With the increasing prevalence of telehealth, remote triage jobs have become a popular choice for nurses. To find jobs in this area, research remote triage job postings through job search websites and social media. Network with recruiters and staffing agencies to find remote nurse triage positions and utilize online forums and nursing associations for advice on finding the remote triage job that is right for you.

Remote nurse triage is a relatively new concept in the healthcare industry, but it's one that is quickly gaining popularity. This was especially true after the COVID pandemic forced medical providers to devise creative solutions for home care. The benefits of remote nurse triage include increasing patients' access to medical care, reducing travel time and costs, and improving care quality. When executed well, remote triage can be a life-saving specialty, equipping nurses with the capability to evaluate and provide appropriate care advice to their patients. Working in remote triage requires a wide range of medical knowledge and experience; however, with the right training and support system in place, you can be a successful remote triage nurse. Remote triage nursing is an exciting opportunity to provide life-saving medical care from the comfort of your own home.

With the ability to assess, treat and monitor patients virtually, this innovative profession has the power to revolutionize healthcare.


What is telehealth?

What Is a Remote Triage Nurse and How to Become One

Is a Remote Nursing Job Right for You?

Sandy Grimm is an RN freelance writer who provides health and wellness, fitness, nutrition, mental health, biotech and healthcare engagement content. Sandy is an expert in pediatric and adult health and wellness, obstetrics, fertility, women's health, men's health, elder care, and disease management. Her background includes neurosurgery, med/surg, pediatric transplant and rehab, postpartum and breastfeeding, elder care, dialysis, emergency and trauma, clinical outcomes, and remote triage. She draws on her experience as a nurse when writing health content. When she is not writing, you can find her enjoying her children and grandchildren, quilting, and scuba diving the world with her husband Ray.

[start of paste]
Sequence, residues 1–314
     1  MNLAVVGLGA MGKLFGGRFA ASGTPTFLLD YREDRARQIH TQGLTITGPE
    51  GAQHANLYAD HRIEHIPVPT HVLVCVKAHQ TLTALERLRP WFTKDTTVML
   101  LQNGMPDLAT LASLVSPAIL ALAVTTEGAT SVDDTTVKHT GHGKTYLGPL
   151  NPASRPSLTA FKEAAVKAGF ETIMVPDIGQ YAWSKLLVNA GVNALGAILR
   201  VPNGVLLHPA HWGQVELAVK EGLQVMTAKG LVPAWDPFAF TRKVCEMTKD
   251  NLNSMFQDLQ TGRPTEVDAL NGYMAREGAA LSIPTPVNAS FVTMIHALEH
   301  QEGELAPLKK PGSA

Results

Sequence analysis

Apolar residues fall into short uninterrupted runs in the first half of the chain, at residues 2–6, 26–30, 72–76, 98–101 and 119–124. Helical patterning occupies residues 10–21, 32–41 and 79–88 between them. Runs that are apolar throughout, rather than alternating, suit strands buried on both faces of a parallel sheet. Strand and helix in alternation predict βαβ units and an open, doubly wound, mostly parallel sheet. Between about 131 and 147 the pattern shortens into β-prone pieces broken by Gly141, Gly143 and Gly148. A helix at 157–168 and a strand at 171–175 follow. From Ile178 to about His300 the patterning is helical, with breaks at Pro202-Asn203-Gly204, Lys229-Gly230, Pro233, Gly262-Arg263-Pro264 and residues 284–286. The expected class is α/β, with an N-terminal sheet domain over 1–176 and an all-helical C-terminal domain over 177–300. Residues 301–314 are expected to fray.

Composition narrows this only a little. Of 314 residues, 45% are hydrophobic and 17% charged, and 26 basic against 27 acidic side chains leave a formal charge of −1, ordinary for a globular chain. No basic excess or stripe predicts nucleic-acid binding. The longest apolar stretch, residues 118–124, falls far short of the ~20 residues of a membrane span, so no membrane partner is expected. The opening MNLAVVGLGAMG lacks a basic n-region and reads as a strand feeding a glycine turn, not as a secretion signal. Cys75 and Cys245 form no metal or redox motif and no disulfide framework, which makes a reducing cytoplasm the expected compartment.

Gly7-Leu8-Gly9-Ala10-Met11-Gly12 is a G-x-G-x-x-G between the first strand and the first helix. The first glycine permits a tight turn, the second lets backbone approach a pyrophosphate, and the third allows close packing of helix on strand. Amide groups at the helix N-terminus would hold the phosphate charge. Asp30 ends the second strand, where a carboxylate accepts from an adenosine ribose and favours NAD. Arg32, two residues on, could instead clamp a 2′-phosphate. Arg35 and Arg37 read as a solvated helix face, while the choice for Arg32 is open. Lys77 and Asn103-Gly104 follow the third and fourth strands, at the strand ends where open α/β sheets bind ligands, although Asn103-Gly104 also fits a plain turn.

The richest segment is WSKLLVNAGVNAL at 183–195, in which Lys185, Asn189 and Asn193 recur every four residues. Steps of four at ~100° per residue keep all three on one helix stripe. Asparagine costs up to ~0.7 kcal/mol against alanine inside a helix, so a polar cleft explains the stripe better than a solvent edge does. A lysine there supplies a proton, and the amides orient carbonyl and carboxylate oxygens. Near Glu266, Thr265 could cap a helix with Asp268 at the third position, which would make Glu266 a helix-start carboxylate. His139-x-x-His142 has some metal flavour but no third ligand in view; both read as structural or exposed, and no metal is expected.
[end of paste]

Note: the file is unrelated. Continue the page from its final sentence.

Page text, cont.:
2 Articles   11 Posts

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marina.todeasaRN, ASN, EMT-P

1 Article; 2 Posts

Specializes in Emergency Department.

Thanks for this great breakdown.  Do you work in remote triage now?

Sandy G, BSN, RN

2 Articles; 11 Posts

Specializes in Neurosurgery, Pediatric Transplant, OB.

Hi Marina, I do work in triage now. Feel free to PM me or email sandy@thenursesword.com with questions. 😁

Specializes in Community Integrated Svcs, PeriOperative Svcs.. Has 26 years experience.

Terrific article, Sandy. I think Remote triage is something I could have been doing while off on health leave the past several months & I wish my employers had considered that while I've been making physiotherapy my job. Unions & such work differently up here. It's definitely a role I will consider in future! 🙂 

Sandy G, BSN, RN

2 Articles; 11 Posts

Specializes in Neurosurgery, Pediatric Transplant, OB.

Thanks so much, Robin. It's definitely a good alternative to floor nursing if your body needs a break. Thank you for taking the time to reach out! 

Specializes in School Nursing. Has 38 years experience.

I was a triage nurse for many pediatric practices in my area. I really enjoyed doing it, and I'm thinking about trying it again as a second job to increase my income. 

Jesuah, RN

10 Posts

Specializes in OB (labor, delivery, pp and nb nursery). Has 41 years experience.

It's interesting that this article has come to my attention since I just recently applied to a company for remote phone triage for Women's Health. I have 41 years of smaller facility OB care (labor, delivery, post partum and newborn nursery). I am ready to leave the bedside but was interested in still working. Unfortunately for me, I never received an interview call and none of my references were contacted but I received an email thanking me for my interest and to let me know they are pursuing other applicants. I wish I knew what "turned them off" so I could do something to change if I continue to pursue this line of employment.

Sandy G, BSN, RN

2 Articles; 11 Posts

Specializes in Neurosurgery, Pediatric Transplant, OB.

Hi, Jesuah!

I'm sorry to hear that you didn't get an interview for that role, but don't give up! Keep applying on job boards and reaching out to recruiters.

They were probably not turned off by you, but they may have chosen the applicant who was more suited to the role. It sounds like you have a wealth of experience. Keep applying!